Spread your arms out sideways and your hands will be roughly one meter apart. Use that span to sculpt an imaginary cube measuring one meter on each side, which would represent a cubic meter, more or less. If you could fill such a cube with water, it would weigh a metric ton.
Now imagine setting millions of those water-cubes in motion.
That's one way to get a clearer sense of why last week's floods were so destructive.
Here are photos from the Ausable Valley, taken last Saturday, which show some of what the Ausable River did when Irene's downpours forced it out of its channel.
Between Jay and Ausable Forks, the entrance to Fred's Auto Repair suggests that the river, which is now barely visible in the background, rose eight feet above the road during the storm. Notice the level of the "former record flood" from last spring, indicated in blue.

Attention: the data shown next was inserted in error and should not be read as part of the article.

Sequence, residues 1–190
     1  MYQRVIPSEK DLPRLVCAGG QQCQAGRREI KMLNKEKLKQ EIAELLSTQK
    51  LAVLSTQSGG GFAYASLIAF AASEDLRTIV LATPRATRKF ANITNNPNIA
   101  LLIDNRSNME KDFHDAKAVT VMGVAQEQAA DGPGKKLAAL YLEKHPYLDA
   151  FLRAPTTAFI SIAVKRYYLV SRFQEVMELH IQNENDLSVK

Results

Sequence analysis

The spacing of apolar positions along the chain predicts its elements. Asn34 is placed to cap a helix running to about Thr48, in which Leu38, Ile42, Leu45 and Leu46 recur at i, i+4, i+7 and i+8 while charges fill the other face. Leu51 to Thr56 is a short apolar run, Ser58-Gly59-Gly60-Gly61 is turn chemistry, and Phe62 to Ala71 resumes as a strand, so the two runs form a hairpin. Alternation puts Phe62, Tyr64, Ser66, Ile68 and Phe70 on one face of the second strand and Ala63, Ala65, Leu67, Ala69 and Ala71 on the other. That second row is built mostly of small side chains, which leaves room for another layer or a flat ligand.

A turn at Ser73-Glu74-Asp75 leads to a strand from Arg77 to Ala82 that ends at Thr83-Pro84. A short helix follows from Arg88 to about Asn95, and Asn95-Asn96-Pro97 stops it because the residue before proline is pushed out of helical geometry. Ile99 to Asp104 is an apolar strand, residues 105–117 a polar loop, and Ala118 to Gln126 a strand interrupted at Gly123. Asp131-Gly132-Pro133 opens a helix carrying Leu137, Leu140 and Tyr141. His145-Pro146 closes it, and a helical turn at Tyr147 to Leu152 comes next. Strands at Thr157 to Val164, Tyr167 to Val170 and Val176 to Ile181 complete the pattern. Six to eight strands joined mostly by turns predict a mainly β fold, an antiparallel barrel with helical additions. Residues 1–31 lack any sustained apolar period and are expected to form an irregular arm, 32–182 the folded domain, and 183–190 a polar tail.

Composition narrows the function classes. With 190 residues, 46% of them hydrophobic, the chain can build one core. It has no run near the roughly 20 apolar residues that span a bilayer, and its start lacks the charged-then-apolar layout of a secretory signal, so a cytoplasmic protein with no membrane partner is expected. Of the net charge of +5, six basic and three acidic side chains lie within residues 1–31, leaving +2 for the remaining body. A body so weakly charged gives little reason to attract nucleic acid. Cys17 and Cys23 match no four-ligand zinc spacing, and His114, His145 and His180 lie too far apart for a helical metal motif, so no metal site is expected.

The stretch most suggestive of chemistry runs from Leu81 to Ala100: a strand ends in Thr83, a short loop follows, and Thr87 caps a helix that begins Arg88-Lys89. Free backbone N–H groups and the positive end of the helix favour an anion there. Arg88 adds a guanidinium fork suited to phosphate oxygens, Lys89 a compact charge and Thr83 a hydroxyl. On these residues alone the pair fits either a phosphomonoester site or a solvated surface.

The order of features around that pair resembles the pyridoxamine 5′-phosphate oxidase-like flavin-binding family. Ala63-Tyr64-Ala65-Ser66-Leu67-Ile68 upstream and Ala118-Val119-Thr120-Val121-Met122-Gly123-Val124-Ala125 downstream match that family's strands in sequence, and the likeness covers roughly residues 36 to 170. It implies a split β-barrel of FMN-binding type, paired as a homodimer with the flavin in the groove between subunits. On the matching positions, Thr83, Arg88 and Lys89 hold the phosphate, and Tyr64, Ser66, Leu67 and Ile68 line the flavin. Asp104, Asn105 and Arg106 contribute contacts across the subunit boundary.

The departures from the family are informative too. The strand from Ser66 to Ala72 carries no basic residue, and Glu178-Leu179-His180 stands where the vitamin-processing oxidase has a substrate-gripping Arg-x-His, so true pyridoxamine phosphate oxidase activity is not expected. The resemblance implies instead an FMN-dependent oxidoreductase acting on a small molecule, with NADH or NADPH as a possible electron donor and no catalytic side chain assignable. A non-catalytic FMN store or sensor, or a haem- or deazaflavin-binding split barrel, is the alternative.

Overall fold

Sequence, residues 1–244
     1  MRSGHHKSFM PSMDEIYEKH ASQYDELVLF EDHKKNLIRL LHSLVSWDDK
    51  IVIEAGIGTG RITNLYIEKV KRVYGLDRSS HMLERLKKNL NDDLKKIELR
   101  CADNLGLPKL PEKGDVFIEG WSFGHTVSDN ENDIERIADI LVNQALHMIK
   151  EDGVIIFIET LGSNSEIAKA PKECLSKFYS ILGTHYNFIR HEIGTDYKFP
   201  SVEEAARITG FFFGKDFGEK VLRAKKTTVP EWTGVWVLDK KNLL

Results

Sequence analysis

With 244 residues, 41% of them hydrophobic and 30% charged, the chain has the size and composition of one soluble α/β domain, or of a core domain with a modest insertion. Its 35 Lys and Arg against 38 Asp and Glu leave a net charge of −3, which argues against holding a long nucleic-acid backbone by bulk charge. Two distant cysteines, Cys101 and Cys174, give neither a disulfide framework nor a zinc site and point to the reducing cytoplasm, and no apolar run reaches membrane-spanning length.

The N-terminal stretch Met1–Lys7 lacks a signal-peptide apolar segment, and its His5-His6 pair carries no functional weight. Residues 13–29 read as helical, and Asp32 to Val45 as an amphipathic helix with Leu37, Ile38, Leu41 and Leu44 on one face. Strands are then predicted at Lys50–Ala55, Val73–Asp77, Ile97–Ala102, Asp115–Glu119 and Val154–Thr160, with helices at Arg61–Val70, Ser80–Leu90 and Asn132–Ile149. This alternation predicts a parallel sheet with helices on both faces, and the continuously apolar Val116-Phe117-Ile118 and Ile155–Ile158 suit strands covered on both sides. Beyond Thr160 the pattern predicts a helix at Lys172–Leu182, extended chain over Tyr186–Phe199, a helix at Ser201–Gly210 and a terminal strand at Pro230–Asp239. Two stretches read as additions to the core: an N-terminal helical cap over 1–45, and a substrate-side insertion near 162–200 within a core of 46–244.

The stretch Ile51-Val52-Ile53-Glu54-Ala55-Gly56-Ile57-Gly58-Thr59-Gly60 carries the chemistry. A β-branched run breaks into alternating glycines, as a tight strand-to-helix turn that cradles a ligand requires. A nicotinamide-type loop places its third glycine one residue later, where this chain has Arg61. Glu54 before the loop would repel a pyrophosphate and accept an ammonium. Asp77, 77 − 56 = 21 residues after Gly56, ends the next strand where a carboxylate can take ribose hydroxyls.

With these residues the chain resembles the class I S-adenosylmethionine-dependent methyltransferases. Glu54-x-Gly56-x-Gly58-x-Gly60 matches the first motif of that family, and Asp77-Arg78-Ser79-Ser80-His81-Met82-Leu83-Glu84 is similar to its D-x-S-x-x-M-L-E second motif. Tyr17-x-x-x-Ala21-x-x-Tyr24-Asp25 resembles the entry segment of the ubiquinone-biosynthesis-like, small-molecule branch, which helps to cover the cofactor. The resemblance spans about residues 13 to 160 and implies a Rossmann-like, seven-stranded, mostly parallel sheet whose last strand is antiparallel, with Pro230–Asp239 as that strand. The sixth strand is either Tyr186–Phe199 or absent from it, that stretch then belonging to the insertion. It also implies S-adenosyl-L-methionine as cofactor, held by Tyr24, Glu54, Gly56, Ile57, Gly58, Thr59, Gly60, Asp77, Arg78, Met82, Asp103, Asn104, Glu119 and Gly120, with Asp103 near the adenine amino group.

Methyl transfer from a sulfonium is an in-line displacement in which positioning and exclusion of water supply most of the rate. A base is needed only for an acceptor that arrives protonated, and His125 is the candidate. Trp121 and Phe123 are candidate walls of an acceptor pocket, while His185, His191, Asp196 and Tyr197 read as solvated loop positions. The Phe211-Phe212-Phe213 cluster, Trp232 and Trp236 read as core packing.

Farther down the road, you can see where water ripped up the access ramp to a steel bridge that spans the river.
Bridge closed, indeed.
The debris that still lies on top of the bridge shows that the river flowed right over it. That would have required quite a rise above the normal level, as this photo illustrates
(see Kary for scale in the photo below).
Splintered wood clogs the underside of the bridge, as well.
Amazingly, the bridge withstood that tremendous pressure.
This bridge in Ausable Forks was also overtopped
(photos below by Kary Johnson).
You can see roiling currents seemingly frozen in time by the vegetation where the river overran its banks. Photos like this one (below) can look like they were taken in the midst of a storm, though the day was virtually windless.
I walked into a grove of saplings by the side of the road where the trees were caked with weeds and trash reaching higher than my head (I'm 5' 10"" tall).
You can find similar sights right in the midst of homes and businesses, like here in Upper Jay (below). Small wonder that the flood did so much damage here.
(see the previous posts).
Somehow, people are still managing to find sparks of humor in the midst of their losses,
as the wall at Fred's Auto Repair attests (below).
But how likely is this request, "don't come back," to be fulfilled?
I'll be looking into that for a forthcoming post.